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Math Help - Help finding the expectations with the PMF's

  1. #1
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    Help finding the expectations with the PMF's




    Hey, I'm having trouble understanding the process to find the expectation of pmf's that I have to find.

    I know the formula for it but still cannot understand it.

    With The first link, I can get all the way to question (c)

    I get the pmf, P(X=x) = 1/4*(2/3)^{k-2}    for (K=1,2,3,.....)

    But can't get the expectation, and for the second link i'm completely clueless
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  2. #2
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    That formula isn't quite right (plug in the rat getting it on the first try). It seems you have everything, but the fact that he chooses correct on the current trial. For example, suppose the rat chooses correctly on the 2nd try. By your formula the rat has a .25 chance of that happening, which actually refers to him choosing correctly on the first try. So it should be:

    Pr(X=x)=\left(\frac{1}{4}\right)\left(\frac{2}{3}\  right)^{x-2}\left(\frac{1}{3}\right) , for x=2,3. . .

    Where the 1/3rd refers to him getting it on the xth trial beyond the first.

    The expectation for this would be done as you do any expectation - the sum of of x times the probability of x. However - the actual calculation is probably going to be super tedious. It simplifies down, but you are having to do a kinda crummy summation.

    The same goes for your second problem. You know the summation of all those probabilites have to add up to 1; so using the definition you're going to have to use some series trickery to figure out what A is, as well as the expecation.

    I'll maybe work on it later if you haven't gotten it down yet. Good luck!
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  3. #3
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    Thanks for correcting me on that one, slight oversight on my part!

    The calculation of finding the expectation is the part i'm struggling with.

    I know the formula for it in my mind, except I don't really know how to do it, because this PMF we have can take x > 2, it doesn't stop, so How do I do it? Sorry if this is basic my head just isn't wrappin round it.

    You don't have to do the calculation for me, just a little hint on the above would help

    Thank you for the help
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  4. #4
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    I wouldn't say its basic. Just because your trials could (in theory) go on forever, doesn't mean ON AVERAGE it would (easiest example, Let X be the number of coin flips until you get a heads - in theory, you could flip to 1million - not likely though). In the summation notation you are going to go from 2 to infnity, but more than likely the summation (well not more than likely. . .it must) has a limit. The summation I came up with (after cleaning it up):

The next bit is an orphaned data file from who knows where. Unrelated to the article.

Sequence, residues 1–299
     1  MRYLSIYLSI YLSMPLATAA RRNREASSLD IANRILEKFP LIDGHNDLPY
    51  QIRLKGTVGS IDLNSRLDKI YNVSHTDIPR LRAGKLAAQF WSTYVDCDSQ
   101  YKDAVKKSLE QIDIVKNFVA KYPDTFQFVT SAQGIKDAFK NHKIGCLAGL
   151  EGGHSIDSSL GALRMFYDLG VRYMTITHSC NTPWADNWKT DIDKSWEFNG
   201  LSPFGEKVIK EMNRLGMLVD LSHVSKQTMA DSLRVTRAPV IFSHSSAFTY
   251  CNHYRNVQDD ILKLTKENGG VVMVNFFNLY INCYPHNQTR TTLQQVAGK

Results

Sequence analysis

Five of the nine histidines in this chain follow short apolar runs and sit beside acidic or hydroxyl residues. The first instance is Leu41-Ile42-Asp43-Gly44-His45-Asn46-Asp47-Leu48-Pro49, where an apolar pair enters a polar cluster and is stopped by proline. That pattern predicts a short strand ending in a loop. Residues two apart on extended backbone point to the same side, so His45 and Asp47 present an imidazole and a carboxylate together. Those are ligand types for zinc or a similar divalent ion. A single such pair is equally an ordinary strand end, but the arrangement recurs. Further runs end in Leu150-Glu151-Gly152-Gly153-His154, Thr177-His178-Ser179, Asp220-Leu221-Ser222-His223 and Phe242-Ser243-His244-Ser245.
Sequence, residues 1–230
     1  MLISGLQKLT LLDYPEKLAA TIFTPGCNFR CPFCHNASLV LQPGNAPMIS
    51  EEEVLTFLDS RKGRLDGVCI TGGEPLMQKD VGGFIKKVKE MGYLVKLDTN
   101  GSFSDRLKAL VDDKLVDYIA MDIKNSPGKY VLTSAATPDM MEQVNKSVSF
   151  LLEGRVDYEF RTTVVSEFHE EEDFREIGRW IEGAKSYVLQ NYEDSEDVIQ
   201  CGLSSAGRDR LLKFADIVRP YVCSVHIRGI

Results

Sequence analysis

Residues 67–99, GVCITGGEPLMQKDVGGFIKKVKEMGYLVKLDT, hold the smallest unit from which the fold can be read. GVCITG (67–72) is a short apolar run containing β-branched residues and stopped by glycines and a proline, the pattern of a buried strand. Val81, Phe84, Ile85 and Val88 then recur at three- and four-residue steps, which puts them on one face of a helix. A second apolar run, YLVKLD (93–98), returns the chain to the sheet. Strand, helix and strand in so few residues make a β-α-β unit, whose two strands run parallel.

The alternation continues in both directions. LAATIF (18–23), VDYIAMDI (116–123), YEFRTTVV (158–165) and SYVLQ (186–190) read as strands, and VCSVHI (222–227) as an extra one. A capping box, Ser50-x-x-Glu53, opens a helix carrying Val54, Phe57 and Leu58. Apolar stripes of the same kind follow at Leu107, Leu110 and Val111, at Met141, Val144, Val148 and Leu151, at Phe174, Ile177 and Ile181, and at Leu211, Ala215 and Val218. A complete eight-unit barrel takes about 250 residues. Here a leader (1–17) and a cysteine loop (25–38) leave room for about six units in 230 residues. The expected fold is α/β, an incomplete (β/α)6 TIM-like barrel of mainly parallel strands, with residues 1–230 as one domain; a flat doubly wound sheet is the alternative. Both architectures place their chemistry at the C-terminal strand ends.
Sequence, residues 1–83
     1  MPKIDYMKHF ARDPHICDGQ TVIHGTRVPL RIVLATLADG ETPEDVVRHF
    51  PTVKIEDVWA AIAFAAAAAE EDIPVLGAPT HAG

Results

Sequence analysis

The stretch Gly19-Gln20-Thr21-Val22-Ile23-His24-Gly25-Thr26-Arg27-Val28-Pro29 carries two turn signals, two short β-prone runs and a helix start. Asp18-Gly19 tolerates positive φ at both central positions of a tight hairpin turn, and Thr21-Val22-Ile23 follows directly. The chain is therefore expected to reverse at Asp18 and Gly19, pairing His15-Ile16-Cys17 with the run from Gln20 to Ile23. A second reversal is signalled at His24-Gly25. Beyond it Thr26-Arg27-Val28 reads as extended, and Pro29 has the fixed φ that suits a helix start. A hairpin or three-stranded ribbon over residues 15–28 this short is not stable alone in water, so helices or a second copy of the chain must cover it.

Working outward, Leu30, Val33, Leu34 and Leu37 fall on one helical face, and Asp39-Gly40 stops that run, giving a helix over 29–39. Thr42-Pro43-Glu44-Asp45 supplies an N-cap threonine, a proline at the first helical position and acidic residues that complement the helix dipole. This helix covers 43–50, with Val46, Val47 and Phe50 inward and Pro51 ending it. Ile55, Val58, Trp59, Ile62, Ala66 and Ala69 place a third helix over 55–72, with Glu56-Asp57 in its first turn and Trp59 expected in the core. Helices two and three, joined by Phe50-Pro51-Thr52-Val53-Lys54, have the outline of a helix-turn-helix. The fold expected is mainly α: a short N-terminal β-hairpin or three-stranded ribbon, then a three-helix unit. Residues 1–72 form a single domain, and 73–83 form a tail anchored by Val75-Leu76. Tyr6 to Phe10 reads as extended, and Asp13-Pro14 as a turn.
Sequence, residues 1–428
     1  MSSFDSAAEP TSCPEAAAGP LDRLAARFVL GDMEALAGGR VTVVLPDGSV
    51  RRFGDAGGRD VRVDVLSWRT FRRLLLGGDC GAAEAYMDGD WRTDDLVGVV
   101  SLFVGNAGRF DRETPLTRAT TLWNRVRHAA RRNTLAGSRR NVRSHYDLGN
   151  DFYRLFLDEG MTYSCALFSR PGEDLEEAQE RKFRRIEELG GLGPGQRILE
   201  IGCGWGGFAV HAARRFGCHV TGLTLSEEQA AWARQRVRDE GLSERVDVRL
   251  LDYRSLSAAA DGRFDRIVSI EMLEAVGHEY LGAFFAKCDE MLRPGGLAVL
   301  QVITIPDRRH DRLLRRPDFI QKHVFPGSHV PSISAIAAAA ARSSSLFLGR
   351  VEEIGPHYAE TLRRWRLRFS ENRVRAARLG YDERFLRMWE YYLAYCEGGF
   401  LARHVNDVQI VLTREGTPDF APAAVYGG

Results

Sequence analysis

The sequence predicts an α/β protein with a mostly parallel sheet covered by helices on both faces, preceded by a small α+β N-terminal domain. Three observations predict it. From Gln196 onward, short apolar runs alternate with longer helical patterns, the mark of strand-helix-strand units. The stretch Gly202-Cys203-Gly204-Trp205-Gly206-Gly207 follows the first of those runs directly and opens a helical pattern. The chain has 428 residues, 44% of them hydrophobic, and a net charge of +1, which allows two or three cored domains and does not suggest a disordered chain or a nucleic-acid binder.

E(X)=\frac{1}{4}+\frac{9}{16}\sum x\left( \frac{2}{3} \right)^{x}

    What that is, I have no idea - you might have use some results from Calc II and series approximations. Blargh.
    Last edited by ANDS!; January 20th 2011 at 05:39 PM. Reason: Corrected Formula
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  5. #5
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    I've just had a check of your PMF you suggested, but realised that it doesn't give you the right probabilities,

    P(X=1) = \frac{1}{4}
    P(X=2) = \frac{3}{4} * \frac{1}{3} = \frac{1}{4}
    P(X=3) = \frac{3}{4} * \frac{2}{3} * \frac{1}{3} = \frac{1}{5}

    Where as with P(X=2) on your summation it doesn't give 1/4.

    Mine seems to work for all K = 2,3,4 etc

    I've checked the solutions and they seem to concur with the Summation I had...

    Here's what they did for the Expectation

    E(X)=\frac{1}{4}+\frac{1}{4}(\sum k\left\frac{2}{3}^{k-2})

    E(X)=\frac{1}{4}+\frac{3}{8}(\sum k(\frac{2}{3})^{k-1}- 1)

    E(X)=\frac{1}{4}+\frac{3}{8}((1-\frac{2}{3})^{-2)}-1)

    E(X)=\frac{1}{4} + \frac{3}{8}(9-1) = \frac{13}{4}

    I just don't understand what happened from Line 2 to Line 3, I've looked at it for quite a while and no idea
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  6. #6
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    My bad, it should be 3/4 not 1/4 in the formula I posted. The reason yours "works" is a bit of kismet action: 3/4*1/3 (which was missing) is 1/4. As for whats going on in the summation:

    From the second line to the third, all they have done is adjusted the summation, so that it works for ALL values of "k" starting at 1: Looks like the first pulled off a \left( \frac{2}{3} \right)^{-1} to get k\left( \frac{2}{3} \right)^{k-1}. This summation is only valid for starting at 2, so they adjusted the index to start at 1, and subtract 1 from the total series to account for that. From there I guess they used properties of series to simplify - would have to do some digging to see how.
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